Even in Napa, there is no “whole food” craze for organic wine. Why? | Local news


Over the past 30 years, the market for organic products in the United States has exploded. Somehow it didn’t translate into wine.

Organic products are regularly sold at higher prices than conventional alternatives, and the farm-to-table scene has grown in recent years. But there does not seem to be an equivalent interest in wine made from organic grapes.

It is difficult to understand the extent of organic production in Napa: some growers implement organic techniques in their viticulture, but are not certified. Others in Napa, like Frog’s Leap Winery, are certified, but don’t advertise it on the bottle. For Rory Williams, Frog Leap winemaker and son of founder John Williams, it’s all about first impressions.

“We don’t want people’s first perception of wine to be that it’s organic,” said Williams, a nod to the historically lukewarm reputation of organic wines.

It doesn’t help that certifications can be unintuitive for consumers. Wine labeled “made with organic grapes” is different from “ingredients: organic grapes” (the former refers to wine made in a certified organic establishment). Then there’s the USDA certified “organic wine” (and, yes, it’s different from wine made with organic grapes).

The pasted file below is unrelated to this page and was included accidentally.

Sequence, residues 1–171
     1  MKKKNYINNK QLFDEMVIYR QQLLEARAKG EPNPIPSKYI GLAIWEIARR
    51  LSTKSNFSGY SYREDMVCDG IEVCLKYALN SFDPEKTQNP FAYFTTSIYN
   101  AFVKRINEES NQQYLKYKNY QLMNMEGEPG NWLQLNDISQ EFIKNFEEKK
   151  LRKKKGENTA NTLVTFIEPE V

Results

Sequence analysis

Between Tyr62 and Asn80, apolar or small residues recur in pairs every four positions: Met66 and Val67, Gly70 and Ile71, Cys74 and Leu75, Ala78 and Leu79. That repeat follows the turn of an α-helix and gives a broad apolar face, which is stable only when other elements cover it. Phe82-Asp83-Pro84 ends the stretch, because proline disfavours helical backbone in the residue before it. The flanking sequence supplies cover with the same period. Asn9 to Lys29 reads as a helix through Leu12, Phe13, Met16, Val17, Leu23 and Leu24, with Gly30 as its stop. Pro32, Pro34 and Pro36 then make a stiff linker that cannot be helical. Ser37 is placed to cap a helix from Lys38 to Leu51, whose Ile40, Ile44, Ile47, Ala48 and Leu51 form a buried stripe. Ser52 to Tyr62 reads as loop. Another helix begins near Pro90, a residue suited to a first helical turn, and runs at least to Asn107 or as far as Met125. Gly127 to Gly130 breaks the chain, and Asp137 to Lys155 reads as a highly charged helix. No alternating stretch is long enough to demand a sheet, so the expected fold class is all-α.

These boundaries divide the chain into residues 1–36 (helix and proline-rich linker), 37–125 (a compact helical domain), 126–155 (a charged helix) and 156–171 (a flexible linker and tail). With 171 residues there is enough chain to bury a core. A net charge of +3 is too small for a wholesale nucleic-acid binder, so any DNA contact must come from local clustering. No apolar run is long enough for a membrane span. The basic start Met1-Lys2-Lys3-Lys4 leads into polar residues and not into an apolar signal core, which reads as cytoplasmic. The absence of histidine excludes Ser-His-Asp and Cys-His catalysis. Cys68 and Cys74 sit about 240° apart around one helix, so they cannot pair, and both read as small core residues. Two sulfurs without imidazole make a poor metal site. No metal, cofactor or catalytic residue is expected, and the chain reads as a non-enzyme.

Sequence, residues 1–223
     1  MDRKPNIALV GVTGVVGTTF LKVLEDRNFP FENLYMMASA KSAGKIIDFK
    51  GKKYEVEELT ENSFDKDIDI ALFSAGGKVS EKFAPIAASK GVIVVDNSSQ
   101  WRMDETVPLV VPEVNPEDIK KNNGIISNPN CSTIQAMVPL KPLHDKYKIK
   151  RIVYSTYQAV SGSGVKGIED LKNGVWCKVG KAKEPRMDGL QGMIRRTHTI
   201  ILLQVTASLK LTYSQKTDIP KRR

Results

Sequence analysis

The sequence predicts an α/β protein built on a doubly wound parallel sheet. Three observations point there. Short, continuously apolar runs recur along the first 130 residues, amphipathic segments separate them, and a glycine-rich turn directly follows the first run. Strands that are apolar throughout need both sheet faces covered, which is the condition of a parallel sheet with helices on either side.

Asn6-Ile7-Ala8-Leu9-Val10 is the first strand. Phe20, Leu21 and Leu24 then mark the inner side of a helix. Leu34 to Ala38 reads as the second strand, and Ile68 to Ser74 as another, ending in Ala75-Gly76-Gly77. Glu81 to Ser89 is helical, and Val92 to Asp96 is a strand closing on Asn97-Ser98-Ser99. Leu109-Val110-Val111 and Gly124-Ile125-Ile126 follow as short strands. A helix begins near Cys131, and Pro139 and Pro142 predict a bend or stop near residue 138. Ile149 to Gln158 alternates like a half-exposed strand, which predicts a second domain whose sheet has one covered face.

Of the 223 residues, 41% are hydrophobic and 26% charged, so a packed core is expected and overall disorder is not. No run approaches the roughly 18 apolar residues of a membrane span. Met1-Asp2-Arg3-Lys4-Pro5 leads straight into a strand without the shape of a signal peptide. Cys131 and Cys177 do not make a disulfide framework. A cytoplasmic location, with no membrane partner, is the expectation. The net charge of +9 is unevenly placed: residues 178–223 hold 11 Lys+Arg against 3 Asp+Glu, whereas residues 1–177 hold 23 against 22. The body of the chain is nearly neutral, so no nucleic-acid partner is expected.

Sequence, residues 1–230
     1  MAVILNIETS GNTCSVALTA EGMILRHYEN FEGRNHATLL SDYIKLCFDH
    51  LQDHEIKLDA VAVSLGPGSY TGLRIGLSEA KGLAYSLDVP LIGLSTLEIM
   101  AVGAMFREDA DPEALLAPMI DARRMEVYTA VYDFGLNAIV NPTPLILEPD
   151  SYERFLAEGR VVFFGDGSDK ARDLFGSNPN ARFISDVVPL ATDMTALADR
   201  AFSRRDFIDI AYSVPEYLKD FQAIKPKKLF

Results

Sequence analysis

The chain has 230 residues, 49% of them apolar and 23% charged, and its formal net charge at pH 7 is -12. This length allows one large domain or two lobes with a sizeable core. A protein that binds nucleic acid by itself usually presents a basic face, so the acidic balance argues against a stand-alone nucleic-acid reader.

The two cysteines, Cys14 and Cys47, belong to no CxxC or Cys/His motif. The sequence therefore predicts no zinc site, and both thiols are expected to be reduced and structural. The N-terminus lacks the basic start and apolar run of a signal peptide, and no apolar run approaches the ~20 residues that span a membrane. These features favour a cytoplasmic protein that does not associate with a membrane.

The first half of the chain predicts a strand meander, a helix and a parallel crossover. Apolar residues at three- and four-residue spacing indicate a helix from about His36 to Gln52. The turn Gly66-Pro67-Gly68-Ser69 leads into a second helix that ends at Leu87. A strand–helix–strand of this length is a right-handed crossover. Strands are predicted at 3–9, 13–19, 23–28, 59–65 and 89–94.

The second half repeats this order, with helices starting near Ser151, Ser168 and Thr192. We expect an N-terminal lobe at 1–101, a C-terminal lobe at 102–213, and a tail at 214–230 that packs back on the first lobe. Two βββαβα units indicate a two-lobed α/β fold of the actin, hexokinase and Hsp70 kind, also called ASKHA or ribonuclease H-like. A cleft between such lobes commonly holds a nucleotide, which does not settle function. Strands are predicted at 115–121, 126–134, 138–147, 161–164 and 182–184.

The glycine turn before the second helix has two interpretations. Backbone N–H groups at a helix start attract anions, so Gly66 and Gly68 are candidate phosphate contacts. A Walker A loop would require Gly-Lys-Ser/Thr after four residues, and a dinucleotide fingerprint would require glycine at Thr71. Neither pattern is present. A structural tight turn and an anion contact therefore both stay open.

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In the United States, regulations only allow 10 ppm of sulphites in organic wines, while conventionally produced bottles could use 50 to 100 ppm. Use in organic wine continues to be a subject of debate in the industry, especially as regulations differ in the United States and Europe.

According to Williams, Frog’s Leap recently redesigned its label, sparking new discussions about whether or not they should put their California Certified Organic Farmers (CCOF) certification on their wines. But they once again chose not to, preferring not to let the label speak for their cellar. Frog’s Leap has been certified since 1990 and takes pride in using organic grapes, Williams explained, but more than that, they pride themselves on the quality of their wines.